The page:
Dutch Culture and Society is a simple course that so far has been interesting. We do weekly blog entries (so many blogs!) about Dutch news, entertainment reviews, important Dutch people, whatever we want to research independently. We also have weekly group projects pertaining to a topic we cover in class; our first project was creating a brochure for a specific region, my group got Utrecht (which I know about all too well from being stranded there!) but we did well. I like little activities like that, they are very different from my other two classes! World Food Systems is a class that focuses on political/social/economic aspects of food around the world, and like my food production class, we have different lecturers every week that specialize in a certain aspect of society and relate this to food production and consumption. Super interesting. Last class we talked about the American influence of “convenience” on the Dutch, and how the American ideal of food in the 1950s and 1960s transformed how Europeans started thinking about food. I’m curious what we’ll discuss tonight! World Eco Systems is a science-based course but without labs, which is nice. We study different landscapes and types of soils and how they affect plants and animals. I have an exam in this class, and a project that I’ll be doing with my friend from Louisiana where we have to pick a country or state and talk about what type of soil and environment it has. We are doing either Texas or Louisiana, or both. I don’t remember studying the geography of Texas, so I’m actually really excited to learn about my own state. I find myself relating my studies in the US to Europe and my studies in Europe to the US, but that’s what I’m supposed to be doing!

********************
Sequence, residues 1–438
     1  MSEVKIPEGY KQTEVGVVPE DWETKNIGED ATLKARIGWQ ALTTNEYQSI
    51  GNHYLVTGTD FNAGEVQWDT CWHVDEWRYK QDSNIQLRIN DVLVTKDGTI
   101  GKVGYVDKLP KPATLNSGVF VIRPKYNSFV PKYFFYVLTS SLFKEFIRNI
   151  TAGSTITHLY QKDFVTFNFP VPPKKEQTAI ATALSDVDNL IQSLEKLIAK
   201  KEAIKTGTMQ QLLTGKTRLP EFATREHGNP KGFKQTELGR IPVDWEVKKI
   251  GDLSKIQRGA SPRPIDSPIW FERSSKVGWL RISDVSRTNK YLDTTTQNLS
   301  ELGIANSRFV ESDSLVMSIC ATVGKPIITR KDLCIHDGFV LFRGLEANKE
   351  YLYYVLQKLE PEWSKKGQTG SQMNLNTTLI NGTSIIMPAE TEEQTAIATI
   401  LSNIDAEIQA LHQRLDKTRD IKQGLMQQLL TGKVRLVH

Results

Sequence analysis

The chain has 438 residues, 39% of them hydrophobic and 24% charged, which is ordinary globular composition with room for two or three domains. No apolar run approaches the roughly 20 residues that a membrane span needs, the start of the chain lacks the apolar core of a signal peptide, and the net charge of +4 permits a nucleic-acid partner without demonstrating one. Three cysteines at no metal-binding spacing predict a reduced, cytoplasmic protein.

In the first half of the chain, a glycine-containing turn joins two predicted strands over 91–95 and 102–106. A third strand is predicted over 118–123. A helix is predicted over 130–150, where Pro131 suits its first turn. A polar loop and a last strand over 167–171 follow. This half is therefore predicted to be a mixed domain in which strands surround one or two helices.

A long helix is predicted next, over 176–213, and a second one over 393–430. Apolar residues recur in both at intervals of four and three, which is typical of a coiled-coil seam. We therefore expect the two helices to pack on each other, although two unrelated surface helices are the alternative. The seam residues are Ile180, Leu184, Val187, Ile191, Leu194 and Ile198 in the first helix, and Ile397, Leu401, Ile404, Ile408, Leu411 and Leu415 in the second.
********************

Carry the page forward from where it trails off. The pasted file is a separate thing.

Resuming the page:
I was so happy when Margaret arrived in Amsterdam. I went to meet her at Central Station and we couldn’t find each other for over 20 minutes but we survived (there was no wifi or way to communicate). We spent the night catching up and resting before our big day on Friday where we went to the Van Gogh museum (finally!), got more poffertjes, and looked for Halloween costumes around the nine streets. We took the tram but spent a TON of time just walking around the city, which was exhausting but the best way to see it. We got to Van Gogh only to see the longest line ever, so I asked a worker if we got to be in a different line because we had museum cards (Marge borrowed my roommates) and we were immediately let in! VIP access is great. I was impressed with the amount of art in the museum and enjoyed seeing the special exhibit (around until January) that had Van Gogh’s tools, palettes, and famous Sunflowers painting. We also saw the newest Van Gogh painting discovered earlier this year, how exciting! Fun fact, I painted a Van Gogh style painting in middle school and it was chosen to be hung in the main office of my school, so I felt a special connection to the museum. I also want my painting back now… Hm…